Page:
How to properly write raw PCM data asynchronously on iOS
My colleagues just fixed a huge show-stopper bug having to do with writing PCM data on the iPhone. We had an application which needed to write raw audio samples to disk from the microphone input, and it was causing audio playback to stutter approximately once every 30 seconds.
The problem: our app performs DSP algorithms on the iPhone’s microphone signal, which we achieved by passing the incoming signal to an AudioUnit and then converting the raw samples from 16-bit integer to floating-point, which allowed us to directly adapt code from our VST plugins to the iPhone. Note that although the iPhone documentation allows you to create an AudioStreamBasicDescription with the kAudioFormatFlagIsFloat flag, this doesn’t actually work on the iPhone, probably because it lacks a native FPU. So you need to use the kAudioFormatFlagIsSignedInteger flag instead and convert the samples by hand.
After processing the samples, we wanted to write them to a CAF file using the AudioFileWritePackets() call, which is part of the Audio File Services API. This code worked fine on the iPhone Simulator, but on the actual hardware caused stuttering during playback. Our app is simultaneously playing and recording audio, and one would hear a bit of static caused by audio dropouts in the output stream. The first dropout occurred within the first 10 seconds of playback, and each subsequent dropout occurred almost exactly every 30 seconds thereafter. The dropouts occurred every 30 seconds on an iPhone 3G, where they were also most severe, but on the iPhone 3GS and iPhone 4, the dropouts were small (but nonetheless noticeable) and occurring in 30 second multiples but not necessarily every 30 seconds.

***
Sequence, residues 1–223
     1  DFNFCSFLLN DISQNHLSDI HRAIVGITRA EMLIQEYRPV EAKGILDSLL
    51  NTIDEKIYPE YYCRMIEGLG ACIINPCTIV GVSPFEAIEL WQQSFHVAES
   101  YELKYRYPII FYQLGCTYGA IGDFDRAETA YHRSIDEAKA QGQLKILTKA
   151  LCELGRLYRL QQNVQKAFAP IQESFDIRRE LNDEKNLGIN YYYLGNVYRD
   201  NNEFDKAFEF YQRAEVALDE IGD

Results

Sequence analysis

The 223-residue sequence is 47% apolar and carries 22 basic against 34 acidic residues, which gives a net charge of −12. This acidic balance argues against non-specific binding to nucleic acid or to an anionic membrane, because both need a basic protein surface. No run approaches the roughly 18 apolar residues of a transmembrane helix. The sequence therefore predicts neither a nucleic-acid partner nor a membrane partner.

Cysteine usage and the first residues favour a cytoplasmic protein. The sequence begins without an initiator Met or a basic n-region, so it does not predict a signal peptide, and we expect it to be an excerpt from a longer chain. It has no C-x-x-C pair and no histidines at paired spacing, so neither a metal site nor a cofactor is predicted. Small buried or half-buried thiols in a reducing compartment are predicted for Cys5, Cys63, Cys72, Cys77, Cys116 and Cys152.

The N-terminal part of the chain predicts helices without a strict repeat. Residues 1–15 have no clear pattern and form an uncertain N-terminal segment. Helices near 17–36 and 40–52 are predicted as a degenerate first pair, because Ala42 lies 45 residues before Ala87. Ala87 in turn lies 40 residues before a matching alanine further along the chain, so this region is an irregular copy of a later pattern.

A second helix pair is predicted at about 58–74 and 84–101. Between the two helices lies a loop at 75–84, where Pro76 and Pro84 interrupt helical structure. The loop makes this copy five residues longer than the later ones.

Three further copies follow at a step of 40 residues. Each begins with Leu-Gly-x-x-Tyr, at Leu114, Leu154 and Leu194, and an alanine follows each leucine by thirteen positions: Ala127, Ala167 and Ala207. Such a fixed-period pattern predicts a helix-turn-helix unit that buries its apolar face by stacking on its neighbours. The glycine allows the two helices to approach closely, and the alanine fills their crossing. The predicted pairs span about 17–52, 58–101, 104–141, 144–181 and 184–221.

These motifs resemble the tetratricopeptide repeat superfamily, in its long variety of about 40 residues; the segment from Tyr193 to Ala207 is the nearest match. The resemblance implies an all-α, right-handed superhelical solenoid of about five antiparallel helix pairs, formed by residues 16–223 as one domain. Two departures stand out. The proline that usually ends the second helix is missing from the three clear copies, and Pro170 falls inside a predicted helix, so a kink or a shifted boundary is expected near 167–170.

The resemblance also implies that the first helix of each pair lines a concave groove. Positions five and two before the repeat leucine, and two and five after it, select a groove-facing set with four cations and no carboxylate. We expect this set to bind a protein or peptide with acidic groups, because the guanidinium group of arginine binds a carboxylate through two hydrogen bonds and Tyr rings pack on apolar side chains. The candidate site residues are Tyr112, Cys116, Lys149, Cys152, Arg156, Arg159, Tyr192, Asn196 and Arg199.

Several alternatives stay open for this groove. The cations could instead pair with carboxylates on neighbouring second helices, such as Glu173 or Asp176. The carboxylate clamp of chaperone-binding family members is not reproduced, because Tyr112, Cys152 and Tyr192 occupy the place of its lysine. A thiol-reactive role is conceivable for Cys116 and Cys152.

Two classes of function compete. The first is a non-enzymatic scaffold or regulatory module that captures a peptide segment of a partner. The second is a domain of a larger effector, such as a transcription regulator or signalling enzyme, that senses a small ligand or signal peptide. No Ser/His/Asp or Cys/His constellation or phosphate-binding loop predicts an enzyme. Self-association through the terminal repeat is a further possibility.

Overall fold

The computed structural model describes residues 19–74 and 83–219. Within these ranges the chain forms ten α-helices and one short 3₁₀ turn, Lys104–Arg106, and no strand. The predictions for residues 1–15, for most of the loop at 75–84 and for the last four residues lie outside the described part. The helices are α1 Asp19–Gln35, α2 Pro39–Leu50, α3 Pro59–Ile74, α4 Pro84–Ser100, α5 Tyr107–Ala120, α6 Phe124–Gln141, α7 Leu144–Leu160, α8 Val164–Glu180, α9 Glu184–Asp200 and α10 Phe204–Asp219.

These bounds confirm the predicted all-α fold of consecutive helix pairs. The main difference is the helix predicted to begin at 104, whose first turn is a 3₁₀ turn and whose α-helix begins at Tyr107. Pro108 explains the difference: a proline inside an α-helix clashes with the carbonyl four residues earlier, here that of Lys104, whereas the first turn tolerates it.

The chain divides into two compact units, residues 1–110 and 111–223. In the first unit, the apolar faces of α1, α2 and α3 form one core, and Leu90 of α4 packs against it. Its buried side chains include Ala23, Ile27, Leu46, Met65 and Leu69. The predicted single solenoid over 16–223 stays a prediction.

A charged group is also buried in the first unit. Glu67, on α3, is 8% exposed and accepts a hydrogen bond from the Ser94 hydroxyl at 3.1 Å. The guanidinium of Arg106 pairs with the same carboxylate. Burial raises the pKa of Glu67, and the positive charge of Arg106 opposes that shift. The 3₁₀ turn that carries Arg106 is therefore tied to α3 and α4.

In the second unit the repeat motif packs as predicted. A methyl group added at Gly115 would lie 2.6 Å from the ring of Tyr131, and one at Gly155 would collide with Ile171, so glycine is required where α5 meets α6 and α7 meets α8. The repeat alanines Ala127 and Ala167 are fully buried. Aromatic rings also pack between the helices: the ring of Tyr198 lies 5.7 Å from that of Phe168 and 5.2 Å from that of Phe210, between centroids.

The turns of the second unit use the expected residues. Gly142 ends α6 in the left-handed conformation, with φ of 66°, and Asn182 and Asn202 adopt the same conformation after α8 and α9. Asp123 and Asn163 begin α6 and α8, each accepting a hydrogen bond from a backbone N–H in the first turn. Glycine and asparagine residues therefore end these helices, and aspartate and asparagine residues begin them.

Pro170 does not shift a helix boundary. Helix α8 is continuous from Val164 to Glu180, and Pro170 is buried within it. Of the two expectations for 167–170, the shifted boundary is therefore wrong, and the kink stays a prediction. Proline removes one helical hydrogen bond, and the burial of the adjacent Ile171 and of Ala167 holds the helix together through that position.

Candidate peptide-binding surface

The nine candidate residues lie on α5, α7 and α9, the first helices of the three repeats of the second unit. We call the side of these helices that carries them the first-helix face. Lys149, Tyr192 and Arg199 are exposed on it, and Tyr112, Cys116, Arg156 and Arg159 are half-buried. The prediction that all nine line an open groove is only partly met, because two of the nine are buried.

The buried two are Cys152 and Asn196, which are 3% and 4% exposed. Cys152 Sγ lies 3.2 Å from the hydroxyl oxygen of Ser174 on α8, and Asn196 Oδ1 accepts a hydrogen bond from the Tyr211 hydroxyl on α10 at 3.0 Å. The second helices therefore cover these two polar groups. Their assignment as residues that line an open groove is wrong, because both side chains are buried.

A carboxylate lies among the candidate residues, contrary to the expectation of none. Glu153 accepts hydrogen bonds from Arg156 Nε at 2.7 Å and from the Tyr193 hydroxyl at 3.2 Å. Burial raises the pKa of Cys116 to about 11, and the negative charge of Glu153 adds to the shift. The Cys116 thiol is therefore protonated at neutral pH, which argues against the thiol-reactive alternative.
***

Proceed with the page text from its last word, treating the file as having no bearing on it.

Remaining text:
Naturally we thought the problem was due to the iPhone’s limited I/O capabilities, and started using Instruments and other performance testing tools to try to diagnose the problem. However, it soon became clear that disk I/O was not causing the dropouts, since we ran a test where the output signal was synthesized using a basic sawtooth signal, which didn’t touch the disk at all. And yet, the dropouts still occurred.
Although the AudioFileWritePackets() call has a flag to cache the audio, this has no effect on performance. Instead, the solution is to ditch the Audio File Services API and instead use the Extended Audio File Services API. This API contains a function called ExtAudioFileWriteAsync(), which as the name suggests, writes data to the given file asynchronously. This function allows for simultaneous audio playback and dumping PCM data without dropouts or other audio glitches, even on the iPhone 3G! Also, it spares the programmer the headache of having to make their program multi-threaded in order to have a low-priority thread to dump audio.